Carlton W. Vogt III, Warwick, N.Y., was suspended from membership for three years under the automatic disciplinary provisions of NYSSCPA bylaws Article XII–Professional Conduct and Disciplinary Proceedings, Section 5. Automatic Discipline, effective June 7, 2016, in connection with the disciplinary action taken by the Securities and Exchange Commission (SEC). Specifically, through an “Offer of Settlement,” and without admitting or denying the charges, the SEC denied Vogt the privilege of appearing or practicing before the Commission as an accountant, with the right to apply for reinstatement after three years from the effective date of the SEC’s Order. This decision was based on the SEC’s findings that Vogt, in his role as the lead engagement partner, failed to comply with the PCAOB rules and standards in auditing a public company’s financial statements that included its accounting for its Alaska acquisition, and failed to exercise due professional care and skepticism by not adequately assessing whether the company’s accounting treatment for the acquisition complied with GAAP. Vogt also failed to obtain sufficient competent evidential matter for management’s assertions regarding the fair value of the Alaska assets. (Published May/June 2017)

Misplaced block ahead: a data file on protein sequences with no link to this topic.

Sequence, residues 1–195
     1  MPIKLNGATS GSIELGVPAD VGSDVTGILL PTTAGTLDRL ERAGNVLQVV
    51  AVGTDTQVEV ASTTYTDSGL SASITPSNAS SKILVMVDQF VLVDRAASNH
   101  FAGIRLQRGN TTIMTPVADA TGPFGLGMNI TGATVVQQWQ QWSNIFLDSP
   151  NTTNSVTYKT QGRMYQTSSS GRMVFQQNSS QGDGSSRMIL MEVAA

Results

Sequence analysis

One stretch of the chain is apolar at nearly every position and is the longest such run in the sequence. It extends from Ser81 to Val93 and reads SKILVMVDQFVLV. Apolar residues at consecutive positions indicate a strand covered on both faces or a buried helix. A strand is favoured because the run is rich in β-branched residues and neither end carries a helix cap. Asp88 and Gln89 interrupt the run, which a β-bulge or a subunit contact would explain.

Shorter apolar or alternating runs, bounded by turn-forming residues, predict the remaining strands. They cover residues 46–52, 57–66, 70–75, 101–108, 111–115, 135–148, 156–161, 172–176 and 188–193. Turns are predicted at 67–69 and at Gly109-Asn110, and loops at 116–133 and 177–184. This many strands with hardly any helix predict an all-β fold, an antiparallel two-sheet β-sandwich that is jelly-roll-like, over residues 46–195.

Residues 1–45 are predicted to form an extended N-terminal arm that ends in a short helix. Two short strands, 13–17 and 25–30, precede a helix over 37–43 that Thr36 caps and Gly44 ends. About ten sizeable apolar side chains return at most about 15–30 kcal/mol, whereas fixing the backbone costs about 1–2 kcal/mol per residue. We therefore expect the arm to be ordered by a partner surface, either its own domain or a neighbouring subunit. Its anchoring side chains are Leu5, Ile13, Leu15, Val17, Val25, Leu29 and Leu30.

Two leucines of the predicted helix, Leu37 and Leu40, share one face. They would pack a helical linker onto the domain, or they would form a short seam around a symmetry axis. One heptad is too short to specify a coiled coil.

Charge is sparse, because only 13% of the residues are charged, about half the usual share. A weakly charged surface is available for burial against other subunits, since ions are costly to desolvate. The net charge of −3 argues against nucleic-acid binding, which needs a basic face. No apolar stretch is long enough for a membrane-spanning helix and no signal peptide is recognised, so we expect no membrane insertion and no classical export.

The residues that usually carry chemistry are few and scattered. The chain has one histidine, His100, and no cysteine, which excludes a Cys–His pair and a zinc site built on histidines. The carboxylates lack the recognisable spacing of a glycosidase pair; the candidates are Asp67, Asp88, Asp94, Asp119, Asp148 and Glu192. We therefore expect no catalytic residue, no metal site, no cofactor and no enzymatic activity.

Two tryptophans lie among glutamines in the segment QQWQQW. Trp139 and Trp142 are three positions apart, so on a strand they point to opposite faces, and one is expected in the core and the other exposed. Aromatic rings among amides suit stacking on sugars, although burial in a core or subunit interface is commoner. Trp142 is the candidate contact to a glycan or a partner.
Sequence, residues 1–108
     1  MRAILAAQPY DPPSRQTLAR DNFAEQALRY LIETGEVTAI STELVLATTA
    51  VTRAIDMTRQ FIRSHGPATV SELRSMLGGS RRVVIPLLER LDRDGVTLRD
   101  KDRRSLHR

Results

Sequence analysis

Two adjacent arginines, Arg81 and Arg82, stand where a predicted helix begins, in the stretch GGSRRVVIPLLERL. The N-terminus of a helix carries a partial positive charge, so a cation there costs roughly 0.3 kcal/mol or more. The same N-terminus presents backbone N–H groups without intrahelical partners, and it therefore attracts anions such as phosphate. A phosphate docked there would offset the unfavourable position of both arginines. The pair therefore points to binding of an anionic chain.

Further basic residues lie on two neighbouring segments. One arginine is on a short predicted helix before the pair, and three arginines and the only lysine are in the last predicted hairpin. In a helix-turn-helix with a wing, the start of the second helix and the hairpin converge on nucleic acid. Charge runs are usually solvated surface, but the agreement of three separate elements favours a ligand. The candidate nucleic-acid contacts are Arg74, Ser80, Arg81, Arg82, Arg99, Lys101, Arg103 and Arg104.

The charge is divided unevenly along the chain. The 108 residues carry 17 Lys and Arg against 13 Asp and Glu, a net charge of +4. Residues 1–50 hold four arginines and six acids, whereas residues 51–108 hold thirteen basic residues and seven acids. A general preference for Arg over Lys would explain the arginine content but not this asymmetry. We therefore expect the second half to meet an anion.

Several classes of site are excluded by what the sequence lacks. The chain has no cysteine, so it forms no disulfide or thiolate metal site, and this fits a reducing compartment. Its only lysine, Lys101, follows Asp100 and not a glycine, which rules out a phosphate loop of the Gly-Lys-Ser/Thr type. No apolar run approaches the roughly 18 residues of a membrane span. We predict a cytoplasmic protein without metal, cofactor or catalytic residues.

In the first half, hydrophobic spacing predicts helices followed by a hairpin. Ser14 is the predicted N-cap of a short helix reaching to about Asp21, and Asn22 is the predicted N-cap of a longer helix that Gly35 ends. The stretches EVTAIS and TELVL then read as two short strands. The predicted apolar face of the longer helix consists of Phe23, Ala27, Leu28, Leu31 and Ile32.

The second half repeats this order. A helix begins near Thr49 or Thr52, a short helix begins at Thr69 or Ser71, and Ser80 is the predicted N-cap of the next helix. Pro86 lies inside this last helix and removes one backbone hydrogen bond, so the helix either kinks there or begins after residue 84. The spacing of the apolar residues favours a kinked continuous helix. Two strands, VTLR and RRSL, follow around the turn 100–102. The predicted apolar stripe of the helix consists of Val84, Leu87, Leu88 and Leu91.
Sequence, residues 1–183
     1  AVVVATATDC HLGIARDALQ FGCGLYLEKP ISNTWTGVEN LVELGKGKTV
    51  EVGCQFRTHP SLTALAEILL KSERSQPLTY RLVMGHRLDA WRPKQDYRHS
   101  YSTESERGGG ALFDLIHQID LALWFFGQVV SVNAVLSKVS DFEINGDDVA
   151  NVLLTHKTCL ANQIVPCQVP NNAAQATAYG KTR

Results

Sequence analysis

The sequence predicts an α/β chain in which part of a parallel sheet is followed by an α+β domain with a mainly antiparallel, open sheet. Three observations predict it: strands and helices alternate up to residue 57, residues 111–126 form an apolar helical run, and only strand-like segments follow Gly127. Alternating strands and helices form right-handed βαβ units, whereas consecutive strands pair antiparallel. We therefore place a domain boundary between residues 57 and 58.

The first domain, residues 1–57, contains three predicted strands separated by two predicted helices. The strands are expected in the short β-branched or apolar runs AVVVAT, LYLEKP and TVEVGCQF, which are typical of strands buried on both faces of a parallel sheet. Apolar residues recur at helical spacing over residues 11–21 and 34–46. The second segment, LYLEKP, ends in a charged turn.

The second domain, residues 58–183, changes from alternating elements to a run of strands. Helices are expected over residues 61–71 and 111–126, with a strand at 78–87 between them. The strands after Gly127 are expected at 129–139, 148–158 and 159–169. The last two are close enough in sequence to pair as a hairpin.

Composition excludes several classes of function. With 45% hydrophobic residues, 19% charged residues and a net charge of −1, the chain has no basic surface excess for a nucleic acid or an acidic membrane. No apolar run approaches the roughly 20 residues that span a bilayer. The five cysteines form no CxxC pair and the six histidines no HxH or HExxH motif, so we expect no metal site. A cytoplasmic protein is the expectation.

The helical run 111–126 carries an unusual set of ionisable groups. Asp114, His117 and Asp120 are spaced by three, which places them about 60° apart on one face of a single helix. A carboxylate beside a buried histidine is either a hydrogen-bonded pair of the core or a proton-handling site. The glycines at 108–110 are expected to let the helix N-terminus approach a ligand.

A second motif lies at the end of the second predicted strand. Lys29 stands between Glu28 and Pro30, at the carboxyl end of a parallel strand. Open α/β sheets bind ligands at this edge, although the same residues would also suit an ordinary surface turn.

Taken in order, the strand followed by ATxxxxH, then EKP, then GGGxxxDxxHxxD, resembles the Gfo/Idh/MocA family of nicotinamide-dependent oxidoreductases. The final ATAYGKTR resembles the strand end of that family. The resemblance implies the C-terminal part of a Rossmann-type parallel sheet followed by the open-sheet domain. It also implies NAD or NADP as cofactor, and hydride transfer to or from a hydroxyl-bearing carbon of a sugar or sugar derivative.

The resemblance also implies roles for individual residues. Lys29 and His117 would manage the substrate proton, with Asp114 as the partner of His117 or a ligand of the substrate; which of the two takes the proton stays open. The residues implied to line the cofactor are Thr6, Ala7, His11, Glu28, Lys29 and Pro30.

Mindy Eisenberg-Stark, Scarsdale, N.Y., entered into a settlement agreement under the Joint Ethics Enforcement Program, effective Dec. 14, 2016, as a result of an investigation alleging potential disciplinary matters with respect to her performance of professional services on the audit of a housing cooperative. Based on a review of the auditor’s report, financial statements and other relevant documents, there appeared to be prima facie evidence of violations of the following rules of the Code of Professional Conduct: Rule 201–General Standards, A. Professional Competence; Rule 202–Compliance with Standards; and Rule 203–Accounting Principles. Without admitting or denying the alleged violations, Stark agreed to forgo any further investigation of the matter, waived her rights to a hearing and agreed to her suspension from membership in the NYSSCPA for two years. She agrees to immediately comply with professional standards applicable to the professional services she performs and to complete 32 hours of specified CPE.